Wanna Buy a Port?
We're selling our harbors to an Arab government. Our biggest Internet companies are complicit in the Chinese government's censorship of information and suppression of dissidents. Welcome to American capitalism in the age of globalization.
Here the market rules. National security and freedom of speech are all well and good, but they are distinctly secondary concerns when they bump up against our highest national purpose, which is maximizing shareholder value.
This is a uniquely American value. Other nations designate certain industries as too strategic to ship abroad or sell to foreign interests. Only in the United States is the corporation answerable only to its shareholders -- not to its employees, its host communities, its home nation.
It wasn't always this way, of course: In the decades following World War II, you could speak, without undue smirking, about corporate responsibility. A sense of national solidarity, high rates of unionization, and a labor force that did not extend much beyond our borders anchored American business in America. Over the past three decades, however, the eclipse of all corporate stakeholders save the shareholder, and the creation of a global labor pool, have combined to make the very idea of corporate citizenship an anachronism. In consequence, the fundamental needs of our financial and corporate institutions and those of the rest of the nation diverge with increasing frequency.
By the logic of the market, there's no reason why our East Coast ports shouldn't be operated by a company owned by the United Arab Emirates. By the logic of national security, it may be a good idea or a crazy one. But even in the current security-conscious zeitgeist, security concerns do not loom that large in our government's attitude to things economic. Our high-tech manufacturing has decamped to East Asia, and our machine tool industry has all but vanished from our midst.
There is nothing peculiarly American in the willingness of the marquee U.S. Internet companies to play in China by the rules laid down by the Chinese government; globetrotting companies have a genius for assimilating themselves to the worst practices of their host countries. Indeed, while the executives at Yahoo, Google, Cisco and Microsoft deserved to be taken to task for their complicity in Beijing's determination to censor information, they would have been justified in noting that every U.S. corporation that goes to China is linked to, and almost invariably profits from, that nation's suppression of fundamental rights.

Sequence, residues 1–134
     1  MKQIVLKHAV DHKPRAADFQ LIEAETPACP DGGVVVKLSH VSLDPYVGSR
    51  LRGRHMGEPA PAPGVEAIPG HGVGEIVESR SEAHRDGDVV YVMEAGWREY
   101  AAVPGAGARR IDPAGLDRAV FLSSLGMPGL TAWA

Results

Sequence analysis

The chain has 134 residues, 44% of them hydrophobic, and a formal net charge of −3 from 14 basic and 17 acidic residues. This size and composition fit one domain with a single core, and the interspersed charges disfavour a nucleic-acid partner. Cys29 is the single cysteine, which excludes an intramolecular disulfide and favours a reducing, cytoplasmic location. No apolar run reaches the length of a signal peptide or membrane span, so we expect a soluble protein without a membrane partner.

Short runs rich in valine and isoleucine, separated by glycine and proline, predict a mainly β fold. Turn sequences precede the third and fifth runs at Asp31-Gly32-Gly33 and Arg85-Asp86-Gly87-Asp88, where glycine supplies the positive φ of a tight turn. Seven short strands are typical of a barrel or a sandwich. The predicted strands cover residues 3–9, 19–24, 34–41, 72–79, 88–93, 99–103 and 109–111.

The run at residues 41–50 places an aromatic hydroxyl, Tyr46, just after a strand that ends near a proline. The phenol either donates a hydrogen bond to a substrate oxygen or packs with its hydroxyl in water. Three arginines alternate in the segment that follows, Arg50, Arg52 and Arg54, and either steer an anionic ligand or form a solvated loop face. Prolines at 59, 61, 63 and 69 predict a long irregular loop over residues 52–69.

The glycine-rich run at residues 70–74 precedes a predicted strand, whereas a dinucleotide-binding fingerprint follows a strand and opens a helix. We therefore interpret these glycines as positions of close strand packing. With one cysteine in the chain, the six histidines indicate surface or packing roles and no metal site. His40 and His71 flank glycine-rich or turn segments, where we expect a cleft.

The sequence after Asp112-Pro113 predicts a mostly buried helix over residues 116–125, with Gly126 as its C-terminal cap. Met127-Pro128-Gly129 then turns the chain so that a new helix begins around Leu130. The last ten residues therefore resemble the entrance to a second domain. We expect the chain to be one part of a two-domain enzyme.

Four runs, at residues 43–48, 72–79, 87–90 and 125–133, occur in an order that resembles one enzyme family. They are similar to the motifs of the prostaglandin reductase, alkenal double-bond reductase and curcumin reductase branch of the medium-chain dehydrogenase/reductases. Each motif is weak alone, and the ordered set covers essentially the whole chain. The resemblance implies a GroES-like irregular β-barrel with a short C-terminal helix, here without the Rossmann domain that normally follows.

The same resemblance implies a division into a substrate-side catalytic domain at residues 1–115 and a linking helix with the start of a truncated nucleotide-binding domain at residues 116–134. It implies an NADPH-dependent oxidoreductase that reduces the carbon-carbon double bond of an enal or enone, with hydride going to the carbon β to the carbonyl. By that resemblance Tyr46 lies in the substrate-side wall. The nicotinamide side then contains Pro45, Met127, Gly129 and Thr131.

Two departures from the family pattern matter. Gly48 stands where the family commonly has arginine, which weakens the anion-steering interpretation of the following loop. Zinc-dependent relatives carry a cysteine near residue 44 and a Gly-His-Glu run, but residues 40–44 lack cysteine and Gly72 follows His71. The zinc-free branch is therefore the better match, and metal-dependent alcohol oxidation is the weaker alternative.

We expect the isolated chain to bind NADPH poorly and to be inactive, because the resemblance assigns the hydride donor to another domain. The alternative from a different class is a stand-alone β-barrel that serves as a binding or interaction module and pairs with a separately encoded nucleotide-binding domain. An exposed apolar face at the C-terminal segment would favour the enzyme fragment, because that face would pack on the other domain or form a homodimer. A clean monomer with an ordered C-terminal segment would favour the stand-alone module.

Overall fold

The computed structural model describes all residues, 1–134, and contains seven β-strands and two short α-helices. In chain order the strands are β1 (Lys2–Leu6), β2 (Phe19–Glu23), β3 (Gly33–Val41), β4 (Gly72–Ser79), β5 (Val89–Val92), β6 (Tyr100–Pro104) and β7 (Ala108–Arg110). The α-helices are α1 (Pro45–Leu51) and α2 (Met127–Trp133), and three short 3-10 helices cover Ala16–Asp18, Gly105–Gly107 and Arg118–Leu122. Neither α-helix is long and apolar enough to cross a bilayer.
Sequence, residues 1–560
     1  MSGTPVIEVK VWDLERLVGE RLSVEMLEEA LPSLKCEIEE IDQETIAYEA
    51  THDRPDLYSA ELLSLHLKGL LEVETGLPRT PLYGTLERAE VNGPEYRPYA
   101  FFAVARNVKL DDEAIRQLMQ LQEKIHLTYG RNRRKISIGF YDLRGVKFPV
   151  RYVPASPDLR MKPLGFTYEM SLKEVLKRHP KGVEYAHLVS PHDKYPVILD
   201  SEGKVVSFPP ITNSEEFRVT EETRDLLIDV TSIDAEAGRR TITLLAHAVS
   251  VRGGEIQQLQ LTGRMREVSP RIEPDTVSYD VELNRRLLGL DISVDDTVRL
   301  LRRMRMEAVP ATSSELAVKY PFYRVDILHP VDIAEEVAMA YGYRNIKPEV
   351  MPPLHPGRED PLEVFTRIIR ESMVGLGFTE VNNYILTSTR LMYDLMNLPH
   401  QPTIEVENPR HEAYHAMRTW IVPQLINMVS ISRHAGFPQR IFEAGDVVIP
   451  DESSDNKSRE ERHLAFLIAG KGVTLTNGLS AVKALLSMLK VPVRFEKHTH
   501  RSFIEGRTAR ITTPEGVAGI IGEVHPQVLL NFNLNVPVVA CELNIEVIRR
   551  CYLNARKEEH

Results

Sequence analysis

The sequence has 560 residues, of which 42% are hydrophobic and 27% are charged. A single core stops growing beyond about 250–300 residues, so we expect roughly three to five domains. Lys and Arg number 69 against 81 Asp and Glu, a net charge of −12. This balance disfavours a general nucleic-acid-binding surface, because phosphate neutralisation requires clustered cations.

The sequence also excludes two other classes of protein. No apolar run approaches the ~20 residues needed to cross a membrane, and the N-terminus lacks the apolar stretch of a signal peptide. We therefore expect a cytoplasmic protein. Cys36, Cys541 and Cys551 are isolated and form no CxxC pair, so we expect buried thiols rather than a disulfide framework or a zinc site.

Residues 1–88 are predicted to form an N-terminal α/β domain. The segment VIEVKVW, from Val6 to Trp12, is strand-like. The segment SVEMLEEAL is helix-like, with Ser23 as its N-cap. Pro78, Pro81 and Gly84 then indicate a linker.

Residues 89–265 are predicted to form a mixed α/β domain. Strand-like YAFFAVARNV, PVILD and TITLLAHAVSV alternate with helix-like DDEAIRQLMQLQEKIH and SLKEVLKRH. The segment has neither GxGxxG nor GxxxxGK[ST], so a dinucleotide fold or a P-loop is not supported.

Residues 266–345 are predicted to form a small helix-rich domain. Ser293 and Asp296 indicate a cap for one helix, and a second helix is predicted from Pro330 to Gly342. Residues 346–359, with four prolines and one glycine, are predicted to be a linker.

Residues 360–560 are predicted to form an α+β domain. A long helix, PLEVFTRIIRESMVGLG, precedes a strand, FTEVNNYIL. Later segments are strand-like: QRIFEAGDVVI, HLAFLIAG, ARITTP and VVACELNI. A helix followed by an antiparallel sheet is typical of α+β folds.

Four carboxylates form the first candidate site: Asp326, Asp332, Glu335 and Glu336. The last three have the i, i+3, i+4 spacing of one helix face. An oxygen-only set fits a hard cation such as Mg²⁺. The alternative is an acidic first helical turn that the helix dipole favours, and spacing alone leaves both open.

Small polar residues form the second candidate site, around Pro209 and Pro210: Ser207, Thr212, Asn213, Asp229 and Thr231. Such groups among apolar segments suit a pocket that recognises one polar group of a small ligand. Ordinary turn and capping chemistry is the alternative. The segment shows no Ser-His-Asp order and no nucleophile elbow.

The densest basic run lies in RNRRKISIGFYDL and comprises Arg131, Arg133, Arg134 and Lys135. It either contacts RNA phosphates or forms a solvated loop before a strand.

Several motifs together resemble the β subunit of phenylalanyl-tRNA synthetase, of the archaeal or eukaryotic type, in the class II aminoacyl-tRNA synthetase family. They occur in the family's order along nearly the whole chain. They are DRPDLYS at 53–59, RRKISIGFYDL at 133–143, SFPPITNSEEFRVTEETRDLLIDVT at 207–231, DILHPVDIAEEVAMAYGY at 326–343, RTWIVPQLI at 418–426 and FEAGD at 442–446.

After all, when American business goes to China to have a machine built or a shirt stitched or some research undertaken, it is in no small reason because the labor is dirt-cheap. This is partly the result of the nation's history of poverty and partly the result of repressive state policy that views all efforts at worker organization -- as it views all efforts at establishing autonomous centers of power -- as criminal. Were the current labor strife in China to escalate, were the nation plunged into turmoil in an effort to create a more pluralistic society with actual rights for workers, what would the attitudes of the U.S. corporations in China be? Would Wal-Mart, which does more business with China than any other corporation, object if the Chinese government staged another Tiananmen-style crackdown? Would other American businesses? Would the current or a future administration levy any sanctions against China? Given the growing level of integration of the Chinese economy and ours, could it even afford to?
To the extent that American business or our government even attempt to square this circle, the argument they most frequently adduce is that modernity -- that is, the integration of a nation into the global economy -- will transform that nation into a more pluralistic democracy. China, however, is determined to manage its integration on its own repressive terms. And, more broadly, modernity hasn't always guaranteed the flourishing of democratic pluralism -- a lesson you might think we'd learned after that nastiness with Germany in the middle of the past century.
Indeed, at the heart of the Bush administration's theory of democratic transformation, we find two non sequiturs: that integration into the global marketplace leads to democratic pluralism, and that elections lead to democratic pluralism. Yet China and the Arab nations of the Middle East tend to refute, not confirm, these theories. Elections and economic integration are both good in themselves, of course, but absent a thriving civil society, they offer no guarantee of the kinds of transformation that these nations sorely need.
What's clear is that neither the task of building democratic nations around the world nor ensuring secure ports and cities here at home is our primary national purpose. Our mission is to maximize shareholder value. Which, by the measure of our strategic interests and our historical ideals, amounts to selling America short.